Chagossians demand fair Citizenship settlement following Windrush

In the last few weeks, UK headlines have been dominated by the story of the Windrush generation. These were people who came to the UK legally many years ago, but now through no fault of their own now face being denied the right to work, access to pensions, health services and, in some cases, facing deportation.

Although a shock for most people, for many Chagossian families in the UK it's all very familiar.

A legal change in the early 2000s allowed Chagossians born on the islands, and their children, a route to British citizenship. Many Chagossians born in exile took this chance to bring their young families the UK, completely legally.

But that first generation born in exile can not pass on their citizenship status to their children. Because of the deportation, they were not born on the islands and so do not have that right.

So when those children who came to the UK legally with their parents reach 18, they are then treated like any other immigrants. And must go through an expensive, complex and time-consuming process to either win a visa or attain British citizenship.

Henry Smith's Chagos Citizenship Bill aims to resolve some of these issues, which are a direct consequence of the deportations of the late 1960s and early 1970s. On Friday, it was due to get it's Second Reading in Parliament, gaining some press attention. Although this did not happen, owing to a lack of time, we hope the media attention will encourage the government to pick up the measures the Bill calls for to resolve some of these issues.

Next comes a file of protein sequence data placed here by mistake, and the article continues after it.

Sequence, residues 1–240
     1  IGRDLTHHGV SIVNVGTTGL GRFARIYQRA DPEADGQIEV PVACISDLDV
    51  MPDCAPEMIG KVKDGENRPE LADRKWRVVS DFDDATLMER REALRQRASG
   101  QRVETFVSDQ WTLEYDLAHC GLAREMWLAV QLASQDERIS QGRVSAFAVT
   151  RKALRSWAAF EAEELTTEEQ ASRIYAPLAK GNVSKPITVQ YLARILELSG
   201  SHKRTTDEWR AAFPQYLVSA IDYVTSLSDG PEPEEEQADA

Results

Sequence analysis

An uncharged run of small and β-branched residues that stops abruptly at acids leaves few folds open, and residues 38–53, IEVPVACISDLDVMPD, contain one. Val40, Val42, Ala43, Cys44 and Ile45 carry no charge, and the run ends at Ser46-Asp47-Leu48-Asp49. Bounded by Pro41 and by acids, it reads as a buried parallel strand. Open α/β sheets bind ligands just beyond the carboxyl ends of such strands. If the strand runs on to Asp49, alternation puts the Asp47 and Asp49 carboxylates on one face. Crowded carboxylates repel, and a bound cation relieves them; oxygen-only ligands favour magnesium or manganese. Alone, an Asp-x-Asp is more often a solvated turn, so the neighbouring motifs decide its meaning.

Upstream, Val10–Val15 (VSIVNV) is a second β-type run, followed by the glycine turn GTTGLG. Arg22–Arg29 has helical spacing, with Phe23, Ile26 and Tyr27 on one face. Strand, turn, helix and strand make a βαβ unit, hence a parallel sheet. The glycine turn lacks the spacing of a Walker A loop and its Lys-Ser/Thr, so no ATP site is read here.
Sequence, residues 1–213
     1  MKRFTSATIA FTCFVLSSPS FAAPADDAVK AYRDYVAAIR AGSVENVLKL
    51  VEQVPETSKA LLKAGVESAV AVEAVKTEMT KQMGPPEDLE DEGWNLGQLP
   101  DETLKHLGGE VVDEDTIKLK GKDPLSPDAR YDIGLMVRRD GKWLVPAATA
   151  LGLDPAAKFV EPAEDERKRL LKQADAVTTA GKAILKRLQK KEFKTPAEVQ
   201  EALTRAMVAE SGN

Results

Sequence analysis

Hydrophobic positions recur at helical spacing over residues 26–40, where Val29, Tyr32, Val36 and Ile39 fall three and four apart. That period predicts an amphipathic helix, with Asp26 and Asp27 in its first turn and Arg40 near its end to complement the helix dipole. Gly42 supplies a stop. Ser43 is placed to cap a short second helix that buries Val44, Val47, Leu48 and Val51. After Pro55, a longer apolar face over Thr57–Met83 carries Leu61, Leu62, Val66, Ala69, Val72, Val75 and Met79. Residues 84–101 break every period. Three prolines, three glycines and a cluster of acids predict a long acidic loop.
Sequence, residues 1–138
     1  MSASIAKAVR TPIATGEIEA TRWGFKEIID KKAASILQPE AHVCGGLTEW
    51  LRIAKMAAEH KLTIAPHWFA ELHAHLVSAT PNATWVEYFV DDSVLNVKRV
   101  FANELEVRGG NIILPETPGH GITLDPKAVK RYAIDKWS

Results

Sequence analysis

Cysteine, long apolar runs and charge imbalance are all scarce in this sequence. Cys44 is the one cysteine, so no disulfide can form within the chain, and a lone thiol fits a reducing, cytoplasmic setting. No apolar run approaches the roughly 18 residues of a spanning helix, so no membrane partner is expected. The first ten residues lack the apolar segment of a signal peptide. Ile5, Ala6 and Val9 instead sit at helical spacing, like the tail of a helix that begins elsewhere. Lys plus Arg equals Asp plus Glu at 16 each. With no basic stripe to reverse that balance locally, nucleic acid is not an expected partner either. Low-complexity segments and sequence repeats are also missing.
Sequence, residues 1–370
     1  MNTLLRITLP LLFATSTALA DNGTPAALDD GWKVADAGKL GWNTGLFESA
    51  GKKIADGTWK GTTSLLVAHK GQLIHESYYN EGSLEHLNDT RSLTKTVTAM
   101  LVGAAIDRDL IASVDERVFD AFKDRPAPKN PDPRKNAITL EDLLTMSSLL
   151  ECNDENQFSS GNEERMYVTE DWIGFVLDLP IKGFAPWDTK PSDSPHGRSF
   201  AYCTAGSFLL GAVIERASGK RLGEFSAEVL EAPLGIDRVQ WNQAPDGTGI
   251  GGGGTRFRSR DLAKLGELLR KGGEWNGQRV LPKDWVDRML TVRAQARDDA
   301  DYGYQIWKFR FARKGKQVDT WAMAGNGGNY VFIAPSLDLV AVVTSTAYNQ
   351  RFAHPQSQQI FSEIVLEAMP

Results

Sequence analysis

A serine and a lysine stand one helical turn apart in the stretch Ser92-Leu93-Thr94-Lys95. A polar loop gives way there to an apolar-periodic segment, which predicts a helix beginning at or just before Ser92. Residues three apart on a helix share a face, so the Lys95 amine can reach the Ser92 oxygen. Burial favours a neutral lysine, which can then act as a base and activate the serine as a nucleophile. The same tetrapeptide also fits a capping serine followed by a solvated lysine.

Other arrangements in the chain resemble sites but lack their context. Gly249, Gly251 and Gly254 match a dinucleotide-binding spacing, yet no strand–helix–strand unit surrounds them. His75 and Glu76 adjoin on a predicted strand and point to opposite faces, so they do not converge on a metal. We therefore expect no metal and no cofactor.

Media Summary

Our Patron Benjamin Zephaniah had an opinion piece published in the Guardian, calling on people to "make some noise" for the Chagos Islanders, in the same way public anger seems to have forced action on the Windrush issue.

Meanwhile Al-Jazeera went to meet members of the Chagossian community affected by these issues in Crawley, recording the video report above, with a written report on their website.

The i newspaper also reported on the Bill, and the problems Chagossians face.

In Parliament

Meanwhile in Parliament, the fate of Chagossians faced with the threat of deportation was raised by SNP MP Patrick Grady during a debate on Home Office removal targets. In response, the Minister said she was aware of Henry Smith's Chagos Citizenship Bill and added that she "looked forward to hearing the arguments on it."

Stephen Doughty MP also raised the immigration challenges faced by Chagossians during a Home Affairs Select committee session with Home Secretary Amber Rudd.

Let's hope all this attention encourages the government to take action quickly, and back the changes that Henry Smith's Bill proposes. In the meantime, you can help by supporting the Fighting Fund we'e set up to support Chagossian families struggling with visa costs and signing the Chagos Islanders Movement petition backing Mr Smith's Bill.

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